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Filed under blood, coming of age, growing up, menstruation

It’s a space held and created by women…

Deep within, women hold a knowing of what the Red Tent is. Sanctuary, sacred place, healing home: we know it when we see it because it is already inside us. Though it may feel uncomfortable and strange at first, the more we return to it, the more we return to ourselves.

Join us in the virtual “Red Tent” for today’s episode of Red Tent TV.

After you’ve watched the episode, I’d love to know…

What does the Red Tent mean to you?

I look forward to reading your comments below.

If you liked this video, subscribe to our channel & sign up for our free weekly episodes of Red Tent TV at http://www.redtent.tv/

Missed my most recent episodes? Watch them here:

Enjoy the video and have a fantastic day! Thanks for watching!

My YouTube channel: https://www.youtube.com/channel/UCmZGBmANkmSBD1337JiQWbw
Website: http://www.redtent.tv
Friendship on Facebook: https://www.facebook.com/redtentfilm

Opening song “Red Tent Temple” by Mother Turtle. http://www.motherturtle.com/

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Filed under "things we don't talk about", Red Tent TV

The Great Pause of Menopause


by Oceana LaBlanc

Many of us who are in menopause now were mothered by women who didn’t talk about or understand it, and were often at the effect of a masculine paradigm and medical system. Most were not wild women, who questioned authority or celebrating their menses.

I was especially clueless. It started with peri-menopause, which I hadn’t even heard of before. I just knew I needed help because suddenly my emotions were riding a tornado without a seat belt. In fact, I almost hospitalized myself, mistaking it for bipolar. Look up the symptoms of both side by side. Identical, uncanny, and misunderstood.

Luckily, a sister shared her journey and discoveries with me. She shared nutritional tips and much information I had never heard. This was my entry into learning, and I was vested with ways to cope, wisdom to carry me through, and knowledge that what I was experiencing was perfectly normal.

Peri-menopause can be a ten year journey with changing symptomology. As wise women, we can dive deeper into the layers of energetics sourcing the symptoms, read the signs, utilize all manner of feminine alchemy to shape shift and shine. We have choices, herbs, holistic awareness, abdominal massage, shamanic support, and the allopathic medical system to choose from.

We might face:

  • grieving the end of fertility
  • loss of libido
  • body is changing dramatically
  • night sweats
  • anxiety attacks
  • sleeplessness
  • moontime totally off schedule
  • extreme uncertainty
  • grieving unmet life desires, lost opportunities
  • loss of energy for what used to come easily

Menopause leaves no patience or tolerance for wasted time or energy. A friend said to me she couldn’t understand why she was so short with everyone lately. The mention of menopause was a complete surprise and relief. We really aren’t taught what to expect!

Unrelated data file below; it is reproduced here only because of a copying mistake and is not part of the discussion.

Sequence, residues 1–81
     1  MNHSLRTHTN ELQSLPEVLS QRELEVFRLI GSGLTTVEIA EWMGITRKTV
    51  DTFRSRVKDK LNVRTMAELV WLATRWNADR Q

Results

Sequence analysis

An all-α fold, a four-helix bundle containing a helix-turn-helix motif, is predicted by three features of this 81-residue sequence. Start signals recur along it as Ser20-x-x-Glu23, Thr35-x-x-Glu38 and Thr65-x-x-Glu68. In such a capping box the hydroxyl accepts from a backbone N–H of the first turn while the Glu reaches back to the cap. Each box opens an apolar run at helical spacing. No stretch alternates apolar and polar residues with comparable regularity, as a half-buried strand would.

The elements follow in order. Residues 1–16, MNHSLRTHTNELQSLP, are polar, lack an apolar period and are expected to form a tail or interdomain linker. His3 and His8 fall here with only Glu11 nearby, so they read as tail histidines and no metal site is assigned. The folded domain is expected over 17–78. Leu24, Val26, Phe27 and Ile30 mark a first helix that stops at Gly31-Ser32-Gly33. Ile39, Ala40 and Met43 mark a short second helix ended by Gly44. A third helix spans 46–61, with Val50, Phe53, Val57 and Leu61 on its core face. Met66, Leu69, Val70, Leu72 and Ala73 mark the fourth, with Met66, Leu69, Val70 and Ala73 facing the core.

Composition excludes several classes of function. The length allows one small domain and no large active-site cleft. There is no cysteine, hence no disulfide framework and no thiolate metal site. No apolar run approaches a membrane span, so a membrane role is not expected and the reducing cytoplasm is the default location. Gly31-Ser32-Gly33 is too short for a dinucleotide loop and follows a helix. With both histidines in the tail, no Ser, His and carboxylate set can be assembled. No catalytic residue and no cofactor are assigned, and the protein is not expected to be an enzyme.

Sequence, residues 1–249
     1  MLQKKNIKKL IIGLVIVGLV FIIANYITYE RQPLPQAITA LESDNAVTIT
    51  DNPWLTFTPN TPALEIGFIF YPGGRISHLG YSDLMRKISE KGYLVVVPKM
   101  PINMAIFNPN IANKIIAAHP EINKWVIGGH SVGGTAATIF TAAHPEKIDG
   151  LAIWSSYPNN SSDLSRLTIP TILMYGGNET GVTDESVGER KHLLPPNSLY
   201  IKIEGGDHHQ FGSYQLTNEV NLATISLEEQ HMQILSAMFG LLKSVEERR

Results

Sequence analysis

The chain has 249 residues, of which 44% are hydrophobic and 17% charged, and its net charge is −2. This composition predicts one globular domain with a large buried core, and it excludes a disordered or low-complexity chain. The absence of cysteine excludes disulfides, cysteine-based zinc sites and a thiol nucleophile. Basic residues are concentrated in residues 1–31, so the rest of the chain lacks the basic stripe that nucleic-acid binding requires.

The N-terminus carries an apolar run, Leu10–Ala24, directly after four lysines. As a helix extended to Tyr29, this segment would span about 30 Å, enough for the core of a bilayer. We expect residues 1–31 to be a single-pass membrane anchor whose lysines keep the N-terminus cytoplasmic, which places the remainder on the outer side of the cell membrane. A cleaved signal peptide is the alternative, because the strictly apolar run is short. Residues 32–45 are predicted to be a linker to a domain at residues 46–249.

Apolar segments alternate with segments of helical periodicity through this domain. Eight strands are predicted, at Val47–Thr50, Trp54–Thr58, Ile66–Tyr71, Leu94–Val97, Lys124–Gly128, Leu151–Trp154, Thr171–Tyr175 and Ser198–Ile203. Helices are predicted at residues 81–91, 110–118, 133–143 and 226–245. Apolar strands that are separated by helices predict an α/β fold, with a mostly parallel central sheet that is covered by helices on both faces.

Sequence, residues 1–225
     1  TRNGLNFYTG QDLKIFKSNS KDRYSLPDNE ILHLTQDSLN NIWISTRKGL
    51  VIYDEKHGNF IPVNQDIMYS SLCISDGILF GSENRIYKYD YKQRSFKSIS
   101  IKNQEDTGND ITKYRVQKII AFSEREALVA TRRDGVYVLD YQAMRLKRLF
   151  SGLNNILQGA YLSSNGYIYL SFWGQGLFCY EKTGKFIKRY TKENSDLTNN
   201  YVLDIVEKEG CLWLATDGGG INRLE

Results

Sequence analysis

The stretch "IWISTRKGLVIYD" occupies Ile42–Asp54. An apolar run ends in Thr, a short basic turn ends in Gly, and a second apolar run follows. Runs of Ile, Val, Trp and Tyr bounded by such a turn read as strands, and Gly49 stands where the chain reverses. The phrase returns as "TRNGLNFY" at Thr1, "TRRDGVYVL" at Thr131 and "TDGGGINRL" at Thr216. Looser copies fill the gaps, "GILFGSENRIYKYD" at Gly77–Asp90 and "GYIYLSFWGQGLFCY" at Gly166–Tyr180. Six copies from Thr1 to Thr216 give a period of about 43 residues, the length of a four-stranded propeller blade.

The fragility of it is stunning. We forget the simplest things and our younger sisters cannot fathom what seems like an intended slight. The truth is we have no recollection.

As a sex educator, it’s difficult to find oneself utterly shut down and going within. But this is what one does and it’s important work, much like labor in birthing.

Many women just don’t want sex and are afraid they never will again. The good news is that menopause is a Great Pause. There are ways to encourage libido, stay juicy, continue to glow. Orgasms are pretty much the best remedy and proactive nutrition, as they keep us expanded in pleasure, keep the blood flowing, reduce stress, encourage circulation, and activate the life force energy. Orgasms keep us glowing. One a day, just like the multivitamin.

Sexuality is alive and well throughout our lifetimes, regardless of what mass media would have us believe. Once you have passed the gateway of menopause, you can let go of the idealized version of sex appeal and welcome a confident, deliciously vulnerable, grace-filled queen who is comfortable in her skin. She exudes warm, calm acceptance and her wisdom is seductively attractive. A Crone is a Confident, Radiant, Orgasmic, Natural Empress.

barAre you longing to deepen your femininity, 

show up in your own blend of Goddess Confidence

and ooze your sensuality inside and out?


Oceana Lablanc will nurture you into the sexy, beautiful,

powerful woman you are ready to step into. 



About the Author

Oceana Lablanc

Oceana Lablanc

Oceana Leblanc is a healer, tantric yogini, medium, shaman, and empowerment facilitator. A dynamic facilitator and writer gifted with wisdom, compassion, humor, and keen intuition, she holds frequent workshops and retreats.

She’s led acclaimed trainings at venues such as the Women’s Belly and Womb Conference, Daughters of the Earth Conference, Zestfest, University of Massachusetts Medical School, and Earthcircle Gathering. She is one of the original pioneers building a uniquely grassroots community that supports women’s empowerment globally.